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    I have no idea what a "nice battery charger" is. How is anybody supposed to respond to your question? I can tell you that 16V is completely inappropriate for charging your battery. If that is what it is doing, don't use it.
     
  14. WingShot

    WingShot New Member

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    Four pages of rambling, conflicting, and wrong information. While the answer was in the first two replies.

    To RobertGreenlee...yes, most of your modern chargers can connect your genny with your battery without an issue. Depending on your PUP's converter, that may be the best way to go about it. Maybe you have a fancier fridge then I, but it shouldn't be a problem.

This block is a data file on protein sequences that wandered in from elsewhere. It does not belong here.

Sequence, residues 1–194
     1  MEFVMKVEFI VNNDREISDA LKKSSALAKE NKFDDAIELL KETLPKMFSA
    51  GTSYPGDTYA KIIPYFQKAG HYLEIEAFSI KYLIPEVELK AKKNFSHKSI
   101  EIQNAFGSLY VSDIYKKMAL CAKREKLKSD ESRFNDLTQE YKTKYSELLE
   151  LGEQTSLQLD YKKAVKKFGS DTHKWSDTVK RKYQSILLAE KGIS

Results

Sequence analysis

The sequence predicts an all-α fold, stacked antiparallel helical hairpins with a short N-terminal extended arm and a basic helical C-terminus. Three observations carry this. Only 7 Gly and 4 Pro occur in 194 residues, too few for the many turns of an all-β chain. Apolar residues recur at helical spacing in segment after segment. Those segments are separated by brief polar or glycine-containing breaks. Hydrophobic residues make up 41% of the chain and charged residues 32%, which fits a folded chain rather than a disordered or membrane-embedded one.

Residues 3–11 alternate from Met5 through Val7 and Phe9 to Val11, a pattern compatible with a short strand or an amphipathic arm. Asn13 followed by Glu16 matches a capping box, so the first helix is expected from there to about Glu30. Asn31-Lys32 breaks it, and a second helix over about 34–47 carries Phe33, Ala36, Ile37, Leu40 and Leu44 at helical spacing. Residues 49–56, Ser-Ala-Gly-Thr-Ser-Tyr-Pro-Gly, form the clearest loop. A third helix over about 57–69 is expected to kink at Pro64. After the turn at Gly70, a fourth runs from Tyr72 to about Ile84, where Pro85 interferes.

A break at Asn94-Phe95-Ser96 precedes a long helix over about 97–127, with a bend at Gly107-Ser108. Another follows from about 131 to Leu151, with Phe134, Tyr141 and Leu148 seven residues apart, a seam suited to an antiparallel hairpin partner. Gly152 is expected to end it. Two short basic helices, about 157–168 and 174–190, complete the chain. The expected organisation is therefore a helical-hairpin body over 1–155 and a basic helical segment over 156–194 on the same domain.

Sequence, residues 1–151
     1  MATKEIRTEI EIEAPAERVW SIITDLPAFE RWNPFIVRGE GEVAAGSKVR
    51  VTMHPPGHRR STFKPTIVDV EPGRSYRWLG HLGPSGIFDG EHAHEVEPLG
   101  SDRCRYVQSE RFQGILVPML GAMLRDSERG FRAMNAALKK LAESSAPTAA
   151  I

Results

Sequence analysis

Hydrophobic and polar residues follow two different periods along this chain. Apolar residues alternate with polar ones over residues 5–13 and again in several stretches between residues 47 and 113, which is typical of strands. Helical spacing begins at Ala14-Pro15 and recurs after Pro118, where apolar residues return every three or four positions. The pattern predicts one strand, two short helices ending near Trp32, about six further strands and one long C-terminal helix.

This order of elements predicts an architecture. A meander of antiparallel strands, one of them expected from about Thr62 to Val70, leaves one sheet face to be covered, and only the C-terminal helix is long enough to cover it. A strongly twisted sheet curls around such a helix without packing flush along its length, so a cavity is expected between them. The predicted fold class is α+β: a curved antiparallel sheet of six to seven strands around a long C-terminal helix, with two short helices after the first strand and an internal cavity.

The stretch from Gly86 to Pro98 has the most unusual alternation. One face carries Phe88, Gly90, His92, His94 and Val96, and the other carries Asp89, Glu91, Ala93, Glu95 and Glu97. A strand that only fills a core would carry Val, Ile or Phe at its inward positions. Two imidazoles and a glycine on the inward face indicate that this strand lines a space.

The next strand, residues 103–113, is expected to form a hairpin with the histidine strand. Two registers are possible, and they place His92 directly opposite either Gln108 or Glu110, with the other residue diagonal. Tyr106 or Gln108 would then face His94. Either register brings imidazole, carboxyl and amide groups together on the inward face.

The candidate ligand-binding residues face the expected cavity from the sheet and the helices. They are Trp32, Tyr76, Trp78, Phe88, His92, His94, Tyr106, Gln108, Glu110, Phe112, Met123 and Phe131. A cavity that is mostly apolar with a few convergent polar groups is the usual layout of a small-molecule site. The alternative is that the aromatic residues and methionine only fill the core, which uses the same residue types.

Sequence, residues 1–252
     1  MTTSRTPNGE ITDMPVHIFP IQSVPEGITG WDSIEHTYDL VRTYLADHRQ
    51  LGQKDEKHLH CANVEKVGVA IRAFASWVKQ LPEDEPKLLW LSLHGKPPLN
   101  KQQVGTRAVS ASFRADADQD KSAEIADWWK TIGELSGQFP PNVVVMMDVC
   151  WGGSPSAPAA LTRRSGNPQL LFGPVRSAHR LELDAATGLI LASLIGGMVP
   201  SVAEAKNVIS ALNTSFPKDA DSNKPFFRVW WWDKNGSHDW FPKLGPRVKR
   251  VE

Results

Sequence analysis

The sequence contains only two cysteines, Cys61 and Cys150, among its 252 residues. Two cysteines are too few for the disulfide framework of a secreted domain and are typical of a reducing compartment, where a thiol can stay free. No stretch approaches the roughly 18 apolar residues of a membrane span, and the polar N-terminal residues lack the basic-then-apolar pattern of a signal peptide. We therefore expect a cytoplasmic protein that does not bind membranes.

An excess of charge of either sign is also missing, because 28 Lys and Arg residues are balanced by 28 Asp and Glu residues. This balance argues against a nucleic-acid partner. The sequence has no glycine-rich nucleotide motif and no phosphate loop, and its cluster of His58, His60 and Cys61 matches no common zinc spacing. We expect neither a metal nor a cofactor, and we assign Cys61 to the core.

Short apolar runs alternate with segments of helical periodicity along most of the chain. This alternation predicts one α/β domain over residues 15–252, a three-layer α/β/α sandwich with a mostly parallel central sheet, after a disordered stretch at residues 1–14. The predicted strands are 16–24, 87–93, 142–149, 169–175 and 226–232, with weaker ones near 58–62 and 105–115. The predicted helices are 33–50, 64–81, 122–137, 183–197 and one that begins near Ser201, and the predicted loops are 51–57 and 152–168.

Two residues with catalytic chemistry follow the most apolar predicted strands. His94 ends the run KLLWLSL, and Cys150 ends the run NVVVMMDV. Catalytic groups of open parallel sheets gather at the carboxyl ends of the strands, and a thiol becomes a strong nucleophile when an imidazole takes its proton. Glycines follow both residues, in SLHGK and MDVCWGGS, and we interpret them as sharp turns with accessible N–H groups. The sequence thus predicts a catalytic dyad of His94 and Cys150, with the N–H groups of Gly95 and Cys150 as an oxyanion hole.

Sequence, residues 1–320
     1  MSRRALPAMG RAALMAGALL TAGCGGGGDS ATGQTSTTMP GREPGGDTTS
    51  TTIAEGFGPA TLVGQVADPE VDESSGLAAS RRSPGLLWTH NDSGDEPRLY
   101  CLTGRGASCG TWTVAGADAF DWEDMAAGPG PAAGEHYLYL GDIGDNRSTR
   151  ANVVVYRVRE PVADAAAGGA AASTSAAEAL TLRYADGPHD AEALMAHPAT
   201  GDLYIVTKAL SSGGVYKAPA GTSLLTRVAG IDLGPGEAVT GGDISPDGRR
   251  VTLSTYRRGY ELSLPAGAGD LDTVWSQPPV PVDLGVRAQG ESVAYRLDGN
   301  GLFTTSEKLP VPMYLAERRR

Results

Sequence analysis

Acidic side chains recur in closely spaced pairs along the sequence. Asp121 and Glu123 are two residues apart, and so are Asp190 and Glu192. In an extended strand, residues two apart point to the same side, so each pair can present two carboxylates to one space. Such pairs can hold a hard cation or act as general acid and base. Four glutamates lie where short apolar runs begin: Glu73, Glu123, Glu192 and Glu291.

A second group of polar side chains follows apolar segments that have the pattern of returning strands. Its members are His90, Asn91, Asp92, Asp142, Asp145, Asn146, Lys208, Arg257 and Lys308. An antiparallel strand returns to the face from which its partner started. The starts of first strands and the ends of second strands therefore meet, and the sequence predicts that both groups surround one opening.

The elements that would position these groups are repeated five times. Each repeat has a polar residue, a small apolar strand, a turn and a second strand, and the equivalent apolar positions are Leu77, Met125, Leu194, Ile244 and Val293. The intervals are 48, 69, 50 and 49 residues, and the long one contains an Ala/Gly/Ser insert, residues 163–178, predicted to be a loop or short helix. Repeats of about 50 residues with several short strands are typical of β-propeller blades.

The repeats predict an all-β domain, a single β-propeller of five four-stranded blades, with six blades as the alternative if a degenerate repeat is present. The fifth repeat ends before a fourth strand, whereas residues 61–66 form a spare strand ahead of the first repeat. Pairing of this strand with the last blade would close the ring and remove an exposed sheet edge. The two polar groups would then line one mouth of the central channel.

15. goody59

    goody59 Member

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    http://www.safelec.com.au/vehicle--rv.html

    RCD versus RVD for added safety when using generators and invertor generators. If I was using inverter generator, I would be replacing my RCD with this product RVD to protect myself and my family from electric shock in the PUP. Just some food for thought. Have a read and take advice from it if you want.